Monday, February 20, 2023

Falkland Islands

 Falkland Islands


The Falklands Islands are an archipelago off the southern tip of South America.  There are more than 740 islands, most of them uninhabited.  The population is less than 4,000, with more than half in the capital, Port Stanley.  Since there are so few people, many species of animals, mainly seabirds, breed on the islands.  The total land area is about 4500 square miles, most on East and West Falkland Islands.  The Falklands are a windy environment, with poor soil and few native trees, mostly low shrubs.  However, oil and gas have been discovered, but the cost of extraction compared to the price of oil has not justified exploitation to date.  Also, there is a water shortage on the islands, barely enough to support the current population.  There are some sheep farms, producing high quality wool and meat, but the sheep require more than double the acreage per sheep compared to other sheep producing areas, so it is not a large industry.


The isolation of the islands, and ongoing disputes over sovereignty between Argentina and the UK, including the infamous 74 day war in 1982, when Argentina invaded the islands, but were ultimately defeated by the UK, means there are few flights, only one per week at the current time.  The flight is staged out of Chile, since Argentina will not allow flights from Argentina to the Falkland Islands and sometimes flights to there are denied entry into Argentinian airspace.


Our reasons for stopping in the Falkland Islands included more wildlife encounters, with several new species of penguins possible, other species of seabirds, touring the city of Port Stanley, a little piece of Britain overseas, and learning about the history, including european discoveries and claims, settlements and ultimately disputes over who owns the archipelago.


Thursday, February 16, 2023 – Port Stanley


After two days at seas, with some rough seas and high winds, Seabourn Quest entered the anchorage off of Port Stanley at 0700 and anchored about one mile from the tender dock.  The inner harbor is too small for our ship, so were tendered in by the ship’s tenders.  Clearance took some time, so shore excursions were all delayed.  Miriam elected to remain on board while Patrick went on a 7 hour wildlife encounter via 4x4 vehicles.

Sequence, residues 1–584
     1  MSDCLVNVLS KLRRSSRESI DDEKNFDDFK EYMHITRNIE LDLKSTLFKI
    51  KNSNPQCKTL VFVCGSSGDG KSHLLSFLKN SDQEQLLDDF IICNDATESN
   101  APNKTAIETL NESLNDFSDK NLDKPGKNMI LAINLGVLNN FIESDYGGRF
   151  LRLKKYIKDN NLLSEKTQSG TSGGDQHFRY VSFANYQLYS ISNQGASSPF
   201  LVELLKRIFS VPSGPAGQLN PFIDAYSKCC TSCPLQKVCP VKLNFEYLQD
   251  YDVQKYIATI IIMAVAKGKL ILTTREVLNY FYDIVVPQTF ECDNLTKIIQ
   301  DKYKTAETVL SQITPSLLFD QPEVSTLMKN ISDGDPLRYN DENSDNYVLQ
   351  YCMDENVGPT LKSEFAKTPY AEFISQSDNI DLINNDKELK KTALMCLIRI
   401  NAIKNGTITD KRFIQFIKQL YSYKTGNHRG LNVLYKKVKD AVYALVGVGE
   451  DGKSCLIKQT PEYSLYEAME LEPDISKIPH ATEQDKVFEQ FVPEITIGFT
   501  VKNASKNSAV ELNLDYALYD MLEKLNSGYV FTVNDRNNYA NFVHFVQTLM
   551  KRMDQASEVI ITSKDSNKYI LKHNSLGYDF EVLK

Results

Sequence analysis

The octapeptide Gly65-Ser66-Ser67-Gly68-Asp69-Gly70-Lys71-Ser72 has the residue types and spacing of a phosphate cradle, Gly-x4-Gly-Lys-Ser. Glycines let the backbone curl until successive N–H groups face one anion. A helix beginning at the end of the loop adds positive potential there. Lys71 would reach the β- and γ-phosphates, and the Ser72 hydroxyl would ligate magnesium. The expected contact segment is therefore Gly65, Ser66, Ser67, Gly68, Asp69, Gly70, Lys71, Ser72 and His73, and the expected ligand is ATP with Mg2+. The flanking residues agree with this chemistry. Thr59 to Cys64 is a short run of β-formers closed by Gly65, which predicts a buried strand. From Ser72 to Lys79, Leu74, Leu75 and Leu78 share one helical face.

The encounter took place at Seal Bay, on the north coast of East Falkland Island.  After a one hour drive we headed off road in seven 4x4 vehicles containing either 3 or 4 passengers.  The terrain was across extensive peat bogs and even across shallow lakes until we reached the cliffs along the coast.  Our first stop provided views of Rockhopper Penguins, Imperial Cormorants, Upland Geese, Caracara’s and Skuas.  The second stop was down on the beach where we visited a Gentoo Penguin colony and had a snack before heading back to the ship.  Due to the clearance delays and the length of the tour, we barely made the last scheduled tender back to the ship, so had limited views of Port Stanley.


Lonely Gentoo penguin chick on beach

Imperial Cormorant Chick being fed by parent

Rockhopper Penguin

Friday, February 17, 2023 – New Island


New Island is a nature conservancy on the far western edge of the archipelago.  It is home to more than 40 species of birds.   Seabourn Quest anchored in one of the eastern bays, sheltered from the wind and commenced operations at 0730, with both Zodiac tours ashore and kayaking.  Patrick went kayaking, seeing Magellanic Penguins, Gentoo Penguins, Imperial Cormorants, Peale’s Dolphins, Giant Southern Petrels, Prions, Caracara’s, and an abandoned whaling station and the group was even followed by an Elephant Seal.  Following the Kayak tour, the zodiac trip ashore to a beautiful sandy beach followed a 1 kilometer marked path to an incredible Black Browed Albatross rookery, with many young chicks.  Mixed in with the albatrosses were more Rockhopper Penguins, Caracara’s, Peregrine Falcons and several species of Shags, more Upland Geese and several other bird species such as Thrushes, Prions and Kelp Geese,

Black Browed Albatross Chick

Wreck on Beach at New Island

Rockhopper Penguin - New Island

Upland Geese - New Island

Rockhopper Penguin - New Island

Caracara - New Island

Albatross Chick - New Island

Kelp Goose - New Island

Kelp Gull - New Island


By noon everyone who wanted to go ashore had done so, the anchor was weighed and we set course for the 1000 NM voyage to Montevideo, Uruguay.  As we left, there were dozens of Sei whales close to the ship, more dolphins and many Southern Fur Seals.  





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